Police appeal for witnesses

| 13/07/2009

(CNS): While police have still not given a timeline for the emergency response to the shooting of 28-year-old Omar Barton Samuels on 4 July, the RCIPS have said a post mortem, which was carried out on Sunday 12 July, showed that the victim suffered a single gunshot wound to his leg which penetrated the Femoral Artery. Detectives investigating Samuels’ murder say a number of people who were in the area at the time of the incident have been spoken to – but not enough people are coming forward voluntarily.

Samuels was shot in the McField Lane area of George Town in the early hours of Sunday, 5 July. A major incident room continues to operate from George Town Police Station staffed by investigators and led by Senior Investigating Officer, Detective Inspector Kim Evans. A family liaison officer continues to work with the relatives and all RCIPS staff sends their condolences to the family and friends of the victim.

“We have been making contact with various people who might have information about what happened,” said Inspector Evans. “But there are people who were in and around the area who have not yet spoken to the Police. No doubt there are those who have details about what happened who have not yet passed that information to us – if you do have information, please come forward and tell us.”

A post mortem was carried out on Sunday, 12 July, which showed Samuels suffered a single gunshot wound to his leg which penetrated the Femoral Artery. Evans stressed that if people do not feel comfortable talking to the investigation team directly, there are a number of other ways people can communicate. “You could call Crime Stoppers, which is answered overseas, you could speak to an officer you know or you could call our voicemail service,” said Evans.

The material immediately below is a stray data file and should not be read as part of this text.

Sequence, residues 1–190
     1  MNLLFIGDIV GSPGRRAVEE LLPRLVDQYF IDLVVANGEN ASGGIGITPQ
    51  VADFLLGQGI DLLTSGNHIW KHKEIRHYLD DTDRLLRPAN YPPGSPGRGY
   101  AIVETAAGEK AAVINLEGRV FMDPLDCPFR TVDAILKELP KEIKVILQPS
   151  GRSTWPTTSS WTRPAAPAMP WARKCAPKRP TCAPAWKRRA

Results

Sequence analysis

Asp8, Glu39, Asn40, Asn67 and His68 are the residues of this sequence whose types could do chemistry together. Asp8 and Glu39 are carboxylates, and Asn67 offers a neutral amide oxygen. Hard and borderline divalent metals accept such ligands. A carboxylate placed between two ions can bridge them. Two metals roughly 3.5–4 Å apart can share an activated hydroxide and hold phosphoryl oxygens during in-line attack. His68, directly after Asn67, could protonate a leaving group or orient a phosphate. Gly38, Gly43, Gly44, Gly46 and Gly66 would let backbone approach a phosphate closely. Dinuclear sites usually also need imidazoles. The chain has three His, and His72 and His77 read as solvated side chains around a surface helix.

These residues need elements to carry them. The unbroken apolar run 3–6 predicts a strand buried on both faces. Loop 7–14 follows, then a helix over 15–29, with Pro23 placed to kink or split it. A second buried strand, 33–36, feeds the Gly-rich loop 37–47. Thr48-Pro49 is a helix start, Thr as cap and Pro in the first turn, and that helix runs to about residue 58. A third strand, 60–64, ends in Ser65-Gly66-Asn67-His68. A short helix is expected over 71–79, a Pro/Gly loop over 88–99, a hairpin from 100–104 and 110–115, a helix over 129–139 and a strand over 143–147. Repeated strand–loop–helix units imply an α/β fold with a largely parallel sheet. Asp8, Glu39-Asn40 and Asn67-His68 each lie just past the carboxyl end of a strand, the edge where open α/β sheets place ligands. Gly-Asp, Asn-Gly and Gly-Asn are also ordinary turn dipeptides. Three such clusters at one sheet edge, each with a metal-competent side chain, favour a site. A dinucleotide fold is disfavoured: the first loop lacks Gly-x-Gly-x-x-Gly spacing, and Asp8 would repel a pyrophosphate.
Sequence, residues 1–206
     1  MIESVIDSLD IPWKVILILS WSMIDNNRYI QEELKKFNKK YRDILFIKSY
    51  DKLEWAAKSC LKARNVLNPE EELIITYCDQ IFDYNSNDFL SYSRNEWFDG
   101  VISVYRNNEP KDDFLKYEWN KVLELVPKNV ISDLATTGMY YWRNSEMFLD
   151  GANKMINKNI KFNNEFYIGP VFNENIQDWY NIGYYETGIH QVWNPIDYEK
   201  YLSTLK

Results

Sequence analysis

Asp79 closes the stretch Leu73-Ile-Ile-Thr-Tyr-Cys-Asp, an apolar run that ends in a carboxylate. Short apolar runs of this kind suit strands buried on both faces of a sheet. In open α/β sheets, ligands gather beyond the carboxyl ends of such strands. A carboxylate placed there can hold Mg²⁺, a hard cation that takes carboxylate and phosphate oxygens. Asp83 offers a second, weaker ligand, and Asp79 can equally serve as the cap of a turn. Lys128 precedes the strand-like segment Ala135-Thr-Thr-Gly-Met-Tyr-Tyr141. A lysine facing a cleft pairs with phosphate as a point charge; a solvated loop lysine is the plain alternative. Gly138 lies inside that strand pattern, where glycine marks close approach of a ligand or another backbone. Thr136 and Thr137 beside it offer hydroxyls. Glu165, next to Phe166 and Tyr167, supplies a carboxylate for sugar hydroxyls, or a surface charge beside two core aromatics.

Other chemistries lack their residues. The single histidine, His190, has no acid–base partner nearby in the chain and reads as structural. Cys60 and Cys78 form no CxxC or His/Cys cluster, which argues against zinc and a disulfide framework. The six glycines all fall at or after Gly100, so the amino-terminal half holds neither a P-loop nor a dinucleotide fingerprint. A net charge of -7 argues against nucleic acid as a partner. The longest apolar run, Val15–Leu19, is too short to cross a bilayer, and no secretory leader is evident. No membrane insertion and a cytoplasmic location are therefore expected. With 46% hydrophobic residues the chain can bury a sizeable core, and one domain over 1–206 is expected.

The response time of the emergency services to the shooting remains in question. Police have said it was impacted by the need to wait for an armed response unit to check the scene before the ambulance was cleared to enter. Evans has previously said an armed response unit was on the scene within 10 minutes of the 911 call. However, he did not say how long it then tookfor the ambulance to reach the victim, who according to reports bled to death and police have refused to comment further on the timeline.

Persons with information can use the following ways to pass it on:
Detective Inspector Kim Evans – 925-6761 or 925-7240
Crime Stoppers – 800 8477 (TIPS)

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  1. Anonymous says: